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Dynamic HTML...Are You Ready to Step Up to the Plate?

by Scott Clark

I know...you figured that now that you'd finally learned how to use tables and forms, and heck, even a little JavaScript, that you've mastered all there was to know about HTML. Then along came Dynamic HTML, or DHTML. Is this something that you should be concerned with? Only if you intend to continue with Web development! But before you start slamming chairs and throwing pencils, you should know a little about what all the excitement is about.

Until now, HTML has been the glue that holds the Web together. It's worked wonderfully, for the most part, for creating Web pages that resemble the flat, lifeless ads which we're used to seeing in magazines and newspapers. The problem is--the Web is not a magazine, and it's not a newspaper! Developers have started to realize that if the Web is to become everything it's hyped up to be, it must be realized that it is a new medium, with new controls, new functionality and new concepts for displaying information.

Most people know that the Web was originally designed to facilitate the sharing of textual information among geographically dispersed individuals. Later, it evolved into a mechanism by which text, graphics, music, video, virtual worlds, information stored in databases, 3D objects, animation and ideas may be transmitted around the world in an instant. Okay, perhaps a little more time than an instant is necessary, but the idea was formed.

We live in a jaded society in which the inhabitants are constantly bombarded with information--on the radio, on television, on cable--and they are used to the various forms this information takes. The expectations of the public have risen from those of a generation who looked to the radio as the ultimate communication tool, to those whose idea of special effects includes multi-million dollar explosions and mega-money flash and pizzazz on the big screen. No longer is the superimposed monster sufficient to scare audiences, and now these expectations have extended to the Internet.

The public expects to see full surround virtual reality on par with "Lawnmower Man," and they aren't going to be satisfied with your simple 5-frame animation that takes 2 minutes to load up. In the Web development world, we often take it for granted that our audience will be delighted to view that slick new animation, when our audience is actually wondering when the "real" stuff is going to appear. They're tired of waiting for Web pages to download, tired of static, flat Web pages which present tired information, and sick of being told to "just wait" for faster bandwidth.

So what's a Web developer to do? Enter Dynamic HTML, which will bring us to the next step towards developing Web pages which will fulfill the public's rising expectations. Dynamic HTML enables the developer to include the audience in their creation, allows the audience to view sites, without additional software which has to be installed in the Web browser (plug-ins), and without additional download time on an already straining modem. Sound interesting? It should....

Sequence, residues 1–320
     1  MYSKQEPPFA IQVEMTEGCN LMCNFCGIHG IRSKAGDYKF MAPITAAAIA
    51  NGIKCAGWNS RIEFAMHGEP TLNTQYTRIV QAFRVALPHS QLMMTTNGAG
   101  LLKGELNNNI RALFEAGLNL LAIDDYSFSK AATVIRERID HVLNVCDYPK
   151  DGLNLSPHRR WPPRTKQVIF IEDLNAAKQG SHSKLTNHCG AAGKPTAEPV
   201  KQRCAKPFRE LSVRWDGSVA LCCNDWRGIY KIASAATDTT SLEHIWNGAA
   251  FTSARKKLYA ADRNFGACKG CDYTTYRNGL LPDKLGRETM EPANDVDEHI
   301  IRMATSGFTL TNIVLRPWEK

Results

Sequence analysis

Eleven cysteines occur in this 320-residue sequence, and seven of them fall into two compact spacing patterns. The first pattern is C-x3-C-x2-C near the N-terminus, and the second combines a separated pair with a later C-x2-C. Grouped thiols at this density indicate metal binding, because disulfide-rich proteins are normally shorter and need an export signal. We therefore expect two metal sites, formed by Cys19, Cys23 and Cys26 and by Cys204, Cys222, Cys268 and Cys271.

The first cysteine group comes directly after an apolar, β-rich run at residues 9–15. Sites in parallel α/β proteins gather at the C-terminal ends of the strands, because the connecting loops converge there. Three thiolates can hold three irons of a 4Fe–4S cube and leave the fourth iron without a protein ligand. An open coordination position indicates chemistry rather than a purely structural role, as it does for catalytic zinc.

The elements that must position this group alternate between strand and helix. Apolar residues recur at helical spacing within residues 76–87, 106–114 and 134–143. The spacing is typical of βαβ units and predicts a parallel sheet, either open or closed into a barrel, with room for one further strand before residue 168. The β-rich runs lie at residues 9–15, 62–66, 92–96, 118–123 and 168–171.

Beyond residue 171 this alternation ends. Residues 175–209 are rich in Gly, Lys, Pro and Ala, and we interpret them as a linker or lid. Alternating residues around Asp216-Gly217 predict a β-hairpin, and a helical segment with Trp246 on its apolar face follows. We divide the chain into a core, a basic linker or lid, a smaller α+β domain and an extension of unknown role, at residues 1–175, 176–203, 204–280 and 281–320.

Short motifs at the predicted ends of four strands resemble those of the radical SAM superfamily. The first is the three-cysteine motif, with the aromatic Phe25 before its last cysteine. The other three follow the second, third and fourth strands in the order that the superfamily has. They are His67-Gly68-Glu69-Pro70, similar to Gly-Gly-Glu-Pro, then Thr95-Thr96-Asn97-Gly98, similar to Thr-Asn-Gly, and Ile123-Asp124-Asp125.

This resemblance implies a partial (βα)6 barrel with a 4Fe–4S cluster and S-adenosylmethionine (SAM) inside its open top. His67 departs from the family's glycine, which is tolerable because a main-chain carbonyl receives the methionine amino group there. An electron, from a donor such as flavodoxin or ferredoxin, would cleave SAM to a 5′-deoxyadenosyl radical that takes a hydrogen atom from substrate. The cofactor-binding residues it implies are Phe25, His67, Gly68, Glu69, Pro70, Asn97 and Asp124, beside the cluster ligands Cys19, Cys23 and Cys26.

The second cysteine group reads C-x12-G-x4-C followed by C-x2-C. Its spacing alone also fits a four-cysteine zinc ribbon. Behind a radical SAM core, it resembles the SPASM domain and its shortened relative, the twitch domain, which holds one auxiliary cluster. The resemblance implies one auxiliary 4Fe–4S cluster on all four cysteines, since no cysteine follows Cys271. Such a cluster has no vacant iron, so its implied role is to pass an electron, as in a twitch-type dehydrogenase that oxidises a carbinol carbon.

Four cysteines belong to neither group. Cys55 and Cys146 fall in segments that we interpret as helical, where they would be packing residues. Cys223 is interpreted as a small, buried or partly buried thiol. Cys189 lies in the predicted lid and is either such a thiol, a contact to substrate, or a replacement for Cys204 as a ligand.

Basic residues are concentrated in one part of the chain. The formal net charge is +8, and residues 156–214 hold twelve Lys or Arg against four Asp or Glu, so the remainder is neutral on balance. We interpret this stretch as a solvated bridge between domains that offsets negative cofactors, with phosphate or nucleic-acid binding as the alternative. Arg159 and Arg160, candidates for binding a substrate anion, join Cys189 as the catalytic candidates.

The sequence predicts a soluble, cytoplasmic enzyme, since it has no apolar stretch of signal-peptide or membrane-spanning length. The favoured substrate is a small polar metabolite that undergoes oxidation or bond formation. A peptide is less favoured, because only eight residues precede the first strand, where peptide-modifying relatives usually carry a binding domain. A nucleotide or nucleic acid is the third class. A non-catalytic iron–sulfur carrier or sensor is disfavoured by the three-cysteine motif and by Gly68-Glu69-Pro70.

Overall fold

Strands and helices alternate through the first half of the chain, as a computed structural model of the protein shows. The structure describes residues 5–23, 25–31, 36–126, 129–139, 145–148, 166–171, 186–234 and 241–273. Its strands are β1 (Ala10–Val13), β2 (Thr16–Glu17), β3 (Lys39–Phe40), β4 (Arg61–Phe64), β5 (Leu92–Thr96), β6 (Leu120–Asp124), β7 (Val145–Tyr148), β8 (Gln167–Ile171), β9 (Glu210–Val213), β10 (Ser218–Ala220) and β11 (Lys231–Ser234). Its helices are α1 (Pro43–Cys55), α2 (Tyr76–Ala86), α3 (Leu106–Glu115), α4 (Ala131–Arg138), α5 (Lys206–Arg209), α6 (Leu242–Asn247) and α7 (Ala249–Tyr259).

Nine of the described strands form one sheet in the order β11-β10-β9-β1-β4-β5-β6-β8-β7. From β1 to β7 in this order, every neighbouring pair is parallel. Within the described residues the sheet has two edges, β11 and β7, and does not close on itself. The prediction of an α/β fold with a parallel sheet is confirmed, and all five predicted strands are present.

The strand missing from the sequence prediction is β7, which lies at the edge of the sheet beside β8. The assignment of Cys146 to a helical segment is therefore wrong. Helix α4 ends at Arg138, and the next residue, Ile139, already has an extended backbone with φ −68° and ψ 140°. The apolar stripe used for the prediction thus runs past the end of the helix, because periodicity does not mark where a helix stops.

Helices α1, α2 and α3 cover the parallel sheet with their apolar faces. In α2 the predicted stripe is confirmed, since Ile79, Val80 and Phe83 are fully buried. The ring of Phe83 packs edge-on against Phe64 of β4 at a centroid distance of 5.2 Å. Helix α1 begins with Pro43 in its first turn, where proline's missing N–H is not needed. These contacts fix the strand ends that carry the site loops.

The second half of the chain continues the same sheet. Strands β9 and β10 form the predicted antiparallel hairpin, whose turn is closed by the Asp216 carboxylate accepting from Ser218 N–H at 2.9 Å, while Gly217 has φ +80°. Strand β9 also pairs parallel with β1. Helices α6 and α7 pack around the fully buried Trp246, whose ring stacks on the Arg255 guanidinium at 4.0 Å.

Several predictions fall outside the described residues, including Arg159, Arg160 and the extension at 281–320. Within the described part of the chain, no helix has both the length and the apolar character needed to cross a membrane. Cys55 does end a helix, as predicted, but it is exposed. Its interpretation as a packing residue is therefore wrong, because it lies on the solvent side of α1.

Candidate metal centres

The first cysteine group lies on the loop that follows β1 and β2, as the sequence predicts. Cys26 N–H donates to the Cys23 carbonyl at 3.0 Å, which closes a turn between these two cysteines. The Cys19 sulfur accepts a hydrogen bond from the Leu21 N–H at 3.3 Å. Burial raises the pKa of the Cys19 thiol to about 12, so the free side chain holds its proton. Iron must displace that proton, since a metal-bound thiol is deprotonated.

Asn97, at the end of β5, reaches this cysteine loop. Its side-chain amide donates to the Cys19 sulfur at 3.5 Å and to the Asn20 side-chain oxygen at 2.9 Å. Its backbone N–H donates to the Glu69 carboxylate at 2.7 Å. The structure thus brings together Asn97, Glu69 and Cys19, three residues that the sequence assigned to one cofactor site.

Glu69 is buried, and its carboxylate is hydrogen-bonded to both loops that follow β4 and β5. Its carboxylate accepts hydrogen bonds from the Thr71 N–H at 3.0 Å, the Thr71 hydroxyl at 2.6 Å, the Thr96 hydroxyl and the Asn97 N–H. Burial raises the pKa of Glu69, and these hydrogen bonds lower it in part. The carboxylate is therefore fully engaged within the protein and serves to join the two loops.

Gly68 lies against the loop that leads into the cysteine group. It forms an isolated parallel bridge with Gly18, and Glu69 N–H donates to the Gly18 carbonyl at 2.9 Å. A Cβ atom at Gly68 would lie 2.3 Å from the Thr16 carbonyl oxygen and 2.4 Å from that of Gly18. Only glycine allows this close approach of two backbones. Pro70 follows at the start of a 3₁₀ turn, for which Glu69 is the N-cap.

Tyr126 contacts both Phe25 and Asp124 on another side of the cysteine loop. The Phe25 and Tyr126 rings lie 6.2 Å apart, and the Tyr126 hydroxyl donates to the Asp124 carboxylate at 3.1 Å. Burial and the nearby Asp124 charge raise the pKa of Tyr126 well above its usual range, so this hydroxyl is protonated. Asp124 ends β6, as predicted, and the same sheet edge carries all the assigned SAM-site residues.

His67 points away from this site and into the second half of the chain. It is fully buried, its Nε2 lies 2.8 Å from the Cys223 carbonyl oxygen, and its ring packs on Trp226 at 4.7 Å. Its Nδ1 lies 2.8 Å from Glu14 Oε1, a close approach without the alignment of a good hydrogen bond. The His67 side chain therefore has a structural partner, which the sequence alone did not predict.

Dynamic HTML Basics

The first thing to know about DHTML is that it does require the use of one of the latest and greatest Web browsers...namely Microsoft Internet Explorer 4+ or Netscape Communicator 4+. Without using one of these browsers, your HTML will still be good ole' standard HTML. That said, you should be happy to know that you can develop your Dynamic HTML pages using any standard text or HTML editor. As time goes on, there will be more and more WYSIWYG DHTML editors, but at the moment they are still rather limited in their usefulness.

Standard HTML is a combination of different elements, or tags, which are designed to hold data in a certain fashion. Dynamic HTML extends these tags by making "objects" of them, and allowing you to alter the way the data is presented by altering those tag "objects." JavaScript does much the same thing, and is itself used in DHTML to control these tags. Examples of JavaScript objects include window, frame, history, navigator, document, etc. Examples of DHTML objects include head, title, bgcolor, forecolor, src, etc.

Using JavaScript, a developer was able to use standard HTML and change the color of, say, the page's header data, but only by re-drawing the entire page. Using DHTML, the developer may change the color on the fly, so to speak. Other objects, such as image objects, may also be dynamically changed on the fly using DHTML. They may be moved up or down the page at will, in response to mouse movements or simply as the page initially loads up. Form data may be applied to other forms on the same page, and elements may be positioned according to X/Y coordinates across the page. This is what Dynamic HTML is about. To really get a good idea of what can be done with DHTML, take a look at the following examples. Remember that you must be using a 4.0 Web browser.

DHTML examples:

While a comprehensive overview of DHTML is more than what the scope of this column can hope to contain, in the upcoming part II we'll go over some of the basics. Then we'll refer you to some places where you can further your education about DHTML, some books which will get you on your way, and some tools which, although limited, may help you to get some code cranked out that you can start hacking.

[ Dynamic HTML...Are You Ready to Step Up to the Plate?:
Part 2 > ]

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